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digital rhetoric Digital Scholarship

rhetorics of the digital nonhumanities: the book.

After a week or so of emailing and chin-scratching, this appears to be the title of my forthcoming book: Rhetorics of the Digital Nonhumanities. Not sure when it will appear yet–copy editing, indexing, etc., etc. But someday I expect.

So what’s it about? Well, it’s along the lines of what you might expect if you’ve read this blog or my other work over the last decade. But here’s a brief description. Drawing on posthuman, new materialist, and nonhuman theory/philosophy/rhetoric in connection with digital rhetoric, media study, and the digital humanities, I develop a “new materialist digital rhetorical method” and employ it to study how relations among humans and nonhumans in digital media ecologies give rise to new/shifting rhetorical capacities.

Prominent among the matters discussed (expressed in admittedly abstract academic jargon:

  • softwarized, procedural rhetorics, particularly in the form of social media algorithms, that participate in processes of “distributed deliberation” such as the basic activity of “clicking” (e.g. in order to like, share, buy, etc.);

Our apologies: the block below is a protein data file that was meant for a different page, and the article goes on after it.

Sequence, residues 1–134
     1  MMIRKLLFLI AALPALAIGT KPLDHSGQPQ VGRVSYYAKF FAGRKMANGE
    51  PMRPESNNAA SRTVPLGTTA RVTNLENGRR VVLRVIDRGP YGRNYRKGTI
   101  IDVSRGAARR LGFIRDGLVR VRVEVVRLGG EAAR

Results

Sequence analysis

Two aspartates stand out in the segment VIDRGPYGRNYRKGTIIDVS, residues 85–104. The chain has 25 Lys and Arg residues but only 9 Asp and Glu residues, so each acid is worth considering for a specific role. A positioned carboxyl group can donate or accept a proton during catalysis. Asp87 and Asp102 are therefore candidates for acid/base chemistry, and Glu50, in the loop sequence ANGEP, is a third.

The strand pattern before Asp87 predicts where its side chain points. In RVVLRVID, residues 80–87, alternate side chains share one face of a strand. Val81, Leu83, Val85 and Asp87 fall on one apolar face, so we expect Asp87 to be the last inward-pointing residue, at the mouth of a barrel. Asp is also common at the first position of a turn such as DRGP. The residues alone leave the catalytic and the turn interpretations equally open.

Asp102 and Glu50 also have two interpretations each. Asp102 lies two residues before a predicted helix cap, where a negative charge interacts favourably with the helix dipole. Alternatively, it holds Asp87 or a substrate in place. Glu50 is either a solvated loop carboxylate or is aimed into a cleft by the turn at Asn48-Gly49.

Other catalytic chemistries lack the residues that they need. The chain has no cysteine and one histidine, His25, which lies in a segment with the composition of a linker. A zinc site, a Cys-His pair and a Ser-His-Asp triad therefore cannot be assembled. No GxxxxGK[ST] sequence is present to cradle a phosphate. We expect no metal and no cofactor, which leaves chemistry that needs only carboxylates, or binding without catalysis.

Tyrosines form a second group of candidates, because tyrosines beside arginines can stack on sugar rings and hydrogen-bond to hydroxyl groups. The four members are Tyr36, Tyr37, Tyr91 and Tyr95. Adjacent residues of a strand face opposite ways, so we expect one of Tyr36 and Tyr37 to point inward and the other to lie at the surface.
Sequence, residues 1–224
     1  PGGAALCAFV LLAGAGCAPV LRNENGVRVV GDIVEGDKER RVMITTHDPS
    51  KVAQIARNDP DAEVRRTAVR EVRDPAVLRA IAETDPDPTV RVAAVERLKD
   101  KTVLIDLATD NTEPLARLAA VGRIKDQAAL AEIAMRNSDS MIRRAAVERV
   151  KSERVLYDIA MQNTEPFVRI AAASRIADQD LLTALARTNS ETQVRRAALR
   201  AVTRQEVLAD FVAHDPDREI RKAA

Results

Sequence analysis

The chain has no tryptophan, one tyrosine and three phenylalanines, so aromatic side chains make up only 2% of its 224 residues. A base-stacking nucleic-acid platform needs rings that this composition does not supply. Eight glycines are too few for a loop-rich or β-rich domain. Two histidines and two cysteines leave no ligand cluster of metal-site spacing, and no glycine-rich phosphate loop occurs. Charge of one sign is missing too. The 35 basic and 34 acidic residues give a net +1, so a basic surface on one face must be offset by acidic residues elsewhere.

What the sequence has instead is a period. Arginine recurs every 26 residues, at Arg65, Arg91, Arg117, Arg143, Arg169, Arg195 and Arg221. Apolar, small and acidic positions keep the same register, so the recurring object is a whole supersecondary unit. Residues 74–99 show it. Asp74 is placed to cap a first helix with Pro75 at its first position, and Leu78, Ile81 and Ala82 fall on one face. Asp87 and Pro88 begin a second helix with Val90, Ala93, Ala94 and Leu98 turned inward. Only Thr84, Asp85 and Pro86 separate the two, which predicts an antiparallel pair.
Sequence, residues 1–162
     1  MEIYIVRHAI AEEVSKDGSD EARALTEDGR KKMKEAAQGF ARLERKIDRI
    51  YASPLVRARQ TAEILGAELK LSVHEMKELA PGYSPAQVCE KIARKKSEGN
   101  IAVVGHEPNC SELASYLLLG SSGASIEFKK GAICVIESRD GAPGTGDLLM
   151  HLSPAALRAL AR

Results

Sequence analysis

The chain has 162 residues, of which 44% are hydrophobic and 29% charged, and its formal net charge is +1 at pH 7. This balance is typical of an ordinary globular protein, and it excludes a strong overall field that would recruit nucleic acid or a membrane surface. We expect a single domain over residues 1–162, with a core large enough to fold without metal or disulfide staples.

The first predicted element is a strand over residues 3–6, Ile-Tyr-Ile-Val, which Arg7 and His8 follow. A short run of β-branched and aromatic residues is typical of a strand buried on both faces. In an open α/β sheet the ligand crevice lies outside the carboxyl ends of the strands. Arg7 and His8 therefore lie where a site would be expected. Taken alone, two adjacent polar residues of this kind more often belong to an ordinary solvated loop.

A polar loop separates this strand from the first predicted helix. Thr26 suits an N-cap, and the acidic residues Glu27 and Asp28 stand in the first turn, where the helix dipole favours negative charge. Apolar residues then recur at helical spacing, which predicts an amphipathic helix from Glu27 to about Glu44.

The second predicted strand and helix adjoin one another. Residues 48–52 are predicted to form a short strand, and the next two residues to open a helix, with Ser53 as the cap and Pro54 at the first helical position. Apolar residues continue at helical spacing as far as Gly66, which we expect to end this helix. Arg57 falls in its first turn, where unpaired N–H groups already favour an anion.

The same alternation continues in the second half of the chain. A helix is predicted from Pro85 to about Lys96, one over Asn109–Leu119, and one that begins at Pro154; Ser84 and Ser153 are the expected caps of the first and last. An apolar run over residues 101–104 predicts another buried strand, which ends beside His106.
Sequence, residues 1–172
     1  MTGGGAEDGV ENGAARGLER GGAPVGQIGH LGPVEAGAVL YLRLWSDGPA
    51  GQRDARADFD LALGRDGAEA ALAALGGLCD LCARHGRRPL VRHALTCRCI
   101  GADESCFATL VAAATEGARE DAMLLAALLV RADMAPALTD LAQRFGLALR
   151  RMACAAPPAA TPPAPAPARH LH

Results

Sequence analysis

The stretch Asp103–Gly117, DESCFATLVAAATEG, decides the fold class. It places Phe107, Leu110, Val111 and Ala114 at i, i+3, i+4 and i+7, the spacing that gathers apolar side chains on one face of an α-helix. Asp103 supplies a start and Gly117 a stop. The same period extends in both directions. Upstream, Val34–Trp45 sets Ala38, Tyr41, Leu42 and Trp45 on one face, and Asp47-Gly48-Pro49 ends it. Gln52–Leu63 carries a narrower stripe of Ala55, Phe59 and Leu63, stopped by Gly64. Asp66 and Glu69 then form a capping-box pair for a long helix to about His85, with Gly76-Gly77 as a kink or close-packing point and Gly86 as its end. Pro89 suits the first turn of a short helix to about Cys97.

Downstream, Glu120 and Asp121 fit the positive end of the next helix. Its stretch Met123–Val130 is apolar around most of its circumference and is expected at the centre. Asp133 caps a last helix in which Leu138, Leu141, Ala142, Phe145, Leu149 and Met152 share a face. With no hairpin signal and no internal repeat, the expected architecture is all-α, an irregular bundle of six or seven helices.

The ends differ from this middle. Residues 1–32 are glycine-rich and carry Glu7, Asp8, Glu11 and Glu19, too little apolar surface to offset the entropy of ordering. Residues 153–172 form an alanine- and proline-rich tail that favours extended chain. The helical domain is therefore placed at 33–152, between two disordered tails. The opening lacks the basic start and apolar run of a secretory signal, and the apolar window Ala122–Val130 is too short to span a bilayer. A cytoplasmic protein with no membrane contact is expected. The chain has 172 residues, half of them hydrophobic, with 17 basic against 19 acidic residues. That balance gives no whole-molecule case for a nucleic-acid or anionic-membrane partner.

• close, hyper machines (e.g., smartphones) as they manage human tendencies for distraction and synthesize attention;
  • integrative assemblages of humans and nonhumans as they produce new populations of scholars with new digital rhetorical-compositional capacities;
  • electrate collective experiments as emergent pedagogical responses to the insufficiency of the concept of “digital literacy.”

In more ordinary prose:

  • how do social media shape our understanding of the world and the choices we make about it?
  • how do consumer technologies like smartphones help/hinder our ability to know what’s happening in the world and act on that information?
  • how are emerging technologies changing how (some) humanities scholars understand themselves and the work they are doing?
  • how might this new materialist perspective on digital rhetoric change the way we approach the challenge of teaching students about what we currently call digital literacy?

You probably can’t fail to notice those are all “how” questions. That’s because this is a book about know-how, about capacities. I am less interested here in declarative knowledge (know-that) than I am in describing provisional, experimental methods for expanding our capacities to act through digital media ecologies.

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